Edward Snowden is back in the news in a big way. In a far ranging interview with Wired.com over three days, a new persona of Snowden is revealed and a new light shed on him and the motivations behind his revelations of June 2013. Over the past 14 months Snowden has been praised and chastised in many quarters. He has been characterized as a hero or traitor depending on your political persuasion or ideology. After this latest interview, the longest, by far, since his enforced exile in Russia, you may change your thinking about his actions and motives.
Snowden was very wary about an extensive interview and the logistics of it were a well- guarded secret. He was determined not to do anything stupid which might endanger his safety and security. Over the past year Edward Snowden has employed myriad tactics and guises to thwart the efforts of those who would seek to deliver him into the clutches of American law enforcement might. As the article implies, he is the most wanted man in America as much as the Obama administration would have you believe otherwise. Many in government are shaking in their boots over what has yet to be revealed.
The reporter who scored the interview most likely did so because of a commonality that Edward Snowden felt for him. The author describes it as a kinship born of NSA duty. The author himself was a self-described whistleblower during the Vietnam War era. Ironically, the committee before whom he testified, was chaired by Senator Frank Church. It was this committee from which sprang the legislation under which Edward Snowden is charged. At this moment Snowden is very much a loner, eschewing contact with Americans or other Westerners. He keeps a low profile and is seldom recognized in Russia except for maybe at computer stores. He lives modestly as his attire attests.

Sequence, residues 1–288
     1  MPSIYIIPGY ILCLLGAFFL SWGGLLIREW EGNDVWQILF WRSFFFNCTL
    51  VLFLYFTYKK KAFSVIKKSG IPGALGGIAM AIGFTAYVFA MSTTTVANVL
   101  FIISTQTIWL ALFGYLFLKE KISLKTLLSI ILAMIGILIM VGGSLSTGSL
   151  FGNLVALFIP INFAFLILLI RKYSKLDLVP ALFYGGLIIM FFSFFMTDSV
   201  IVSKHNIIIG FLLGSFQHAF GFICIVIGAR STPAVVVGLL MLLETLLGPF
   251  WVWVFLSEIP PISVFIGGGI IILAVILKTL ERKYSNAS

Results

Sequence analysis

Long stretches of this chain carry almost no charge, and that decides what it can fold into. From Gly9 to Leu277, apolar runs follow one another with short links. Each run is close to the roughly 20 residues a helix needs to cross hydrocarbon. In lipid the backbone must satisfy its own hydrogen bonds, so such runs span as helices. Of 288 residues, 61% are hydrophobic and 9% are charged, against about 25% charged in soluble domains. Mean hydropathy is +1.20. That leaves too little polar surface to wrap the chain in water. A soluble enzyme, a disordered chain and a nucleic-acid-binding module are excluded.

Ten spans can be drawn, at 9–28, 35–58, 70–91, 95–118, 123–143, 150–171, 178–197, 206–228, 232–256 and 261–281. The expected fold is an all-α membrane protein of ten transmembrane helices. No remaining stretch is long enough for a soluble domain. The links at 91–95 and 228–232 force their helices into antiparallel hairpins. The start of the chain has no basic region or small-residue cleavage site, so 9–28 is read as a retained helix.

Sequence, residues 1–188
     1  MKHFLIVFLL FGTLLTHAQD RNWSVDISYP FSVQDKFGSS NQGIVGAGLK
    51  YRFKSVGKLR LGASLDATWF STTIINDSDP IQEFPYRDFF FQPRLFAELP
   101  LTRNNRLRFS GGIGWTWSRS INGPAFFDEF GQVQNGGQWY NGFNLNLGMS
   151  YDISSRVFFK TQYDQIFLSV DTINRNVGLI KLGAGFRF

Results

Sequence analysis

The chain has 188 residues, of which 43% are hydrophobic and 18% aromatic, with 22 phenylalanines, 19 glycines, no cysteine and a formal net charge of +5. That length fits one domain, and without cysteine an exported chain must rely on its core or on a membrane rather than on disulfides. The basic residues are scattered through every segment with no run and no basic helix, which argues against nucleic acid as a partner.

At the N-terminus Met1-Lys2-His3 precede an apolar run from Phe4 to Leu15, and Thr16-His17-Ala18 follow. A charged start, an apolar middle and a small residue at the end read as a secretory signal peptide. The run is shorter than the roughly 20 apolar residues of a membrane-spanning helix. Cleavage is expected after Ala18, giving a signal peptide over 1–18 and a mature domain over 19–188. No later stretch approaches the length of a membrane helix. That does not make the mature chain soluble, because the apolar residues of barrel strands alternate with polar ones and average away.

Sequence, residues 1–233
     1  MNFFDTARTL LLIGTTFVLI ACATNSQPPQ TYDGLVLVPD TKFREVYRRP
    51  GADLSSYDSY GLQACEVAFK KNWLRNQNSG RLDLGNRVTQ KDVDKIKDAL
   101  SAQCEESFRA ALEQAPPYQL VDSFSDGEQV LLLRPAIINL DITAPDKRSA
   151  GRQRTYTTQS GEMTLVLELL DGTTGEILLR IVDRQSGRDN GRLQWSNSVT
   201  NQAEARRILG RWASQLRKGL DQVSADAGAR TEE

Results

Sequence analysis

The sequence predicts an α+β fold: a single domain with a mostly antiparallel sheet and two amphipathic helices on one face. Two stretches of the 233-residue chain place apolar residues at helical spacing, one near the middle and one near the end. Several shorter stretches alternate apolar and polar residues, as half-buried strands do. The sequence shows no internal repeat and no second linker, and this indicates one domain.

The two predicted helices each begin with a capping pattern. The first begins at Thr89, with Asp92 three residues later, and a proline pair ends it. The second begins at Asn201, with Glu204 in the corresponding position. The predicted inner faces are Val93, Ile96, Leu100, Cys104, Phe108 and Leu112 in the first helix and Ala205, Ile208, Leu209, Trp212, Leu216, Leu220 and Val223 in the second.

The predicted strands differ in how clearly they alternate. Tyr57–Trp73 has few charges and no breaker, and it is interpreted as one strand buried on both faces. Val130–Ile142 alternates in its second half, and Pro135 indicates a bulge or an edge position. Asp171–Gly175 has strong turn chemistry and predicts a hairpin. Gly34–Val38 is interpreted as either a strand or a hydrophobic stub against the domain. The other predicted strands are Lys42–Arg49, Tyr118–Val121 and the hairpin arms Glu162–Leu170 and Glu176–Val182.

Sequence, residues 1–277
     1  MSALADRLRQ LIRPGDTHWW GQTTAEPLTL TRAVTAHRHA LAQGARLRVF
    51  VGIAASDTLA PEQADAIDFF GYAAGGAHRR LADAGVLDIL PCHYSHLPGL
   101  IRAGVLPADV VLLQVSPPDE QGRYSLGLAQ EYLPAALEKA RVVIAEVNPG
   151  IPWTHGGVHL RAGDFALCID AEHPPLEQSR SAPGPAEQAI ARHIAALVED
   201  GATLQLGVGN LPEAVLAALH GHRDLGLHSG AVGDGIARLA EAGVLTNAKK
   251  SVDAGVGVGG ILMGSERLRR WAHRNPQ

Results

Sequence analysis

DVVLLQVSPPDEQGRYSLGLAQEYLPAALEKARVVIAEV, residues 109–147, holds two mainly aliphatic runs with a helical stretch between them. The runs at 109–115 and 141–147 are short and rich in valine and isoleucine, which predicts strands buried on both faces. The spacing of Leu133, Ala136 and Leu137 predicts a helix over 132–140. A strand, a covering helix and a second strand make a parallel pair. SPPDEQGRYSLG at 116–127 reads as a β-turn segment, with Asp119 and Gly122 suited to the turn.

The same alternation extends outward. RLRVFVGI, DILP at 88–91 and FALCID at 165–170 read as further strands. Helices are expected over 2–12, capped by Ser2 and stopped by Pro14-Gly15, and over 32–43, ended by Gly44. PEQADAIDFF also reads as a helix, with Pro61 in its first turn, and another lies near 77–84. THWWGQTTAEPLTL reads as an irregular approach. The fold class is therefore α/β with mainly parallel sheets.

Snowden’s initial period of asylum expired at the end of July. It is learned that he has been granted a three year extension. Whether it is allowed to run its course will depend upon many factors- not the least of which are the conditions which he will be allowed to enter the US. Snowden is willing-even relishes the opportunity to return to America but he is wary about being tossed into prison without due process or whilst being silenced before he can state his case. It is doubtful, based on what he knows, that he will be allowed a public platform from whence he can criticize US government surveillance practices.
It should be noted that Snowden is not involved in any espionage activity while in Russia, if indeed what he has done can be portrayed as espionage. He has unburdened himself of all documents and possesses nothing that can be released to further harm the American spy apparatus. The documents and/or the information therein is in the possession of the Guardian newspaper, the New York Times or the Washington Post. Thus even if Snowden should surrender or be apprehended, the US government would still be at the mercy of his original decision to leak the information. In that sense, the US is impotent.
Snowden didn’t foresee himself as the pop culture icon he was to become- an internet savior and leaker of a massive cache of secrets. “I thought it was likely that society collectively would just shrug and move on,” he says. Instead, the NSA’s surveillance has become one of the most pressing issues in the national conversation and a thorn in Obama’s side even as he weaves through tricky negotiations on other matters with Russia. Congress is now debating anti-surveillance legislation, the US Supreme Court is weighing warrantless wiretapping issues and the general public’s opinion has shifted in favour of reining in rogue, mass data collection.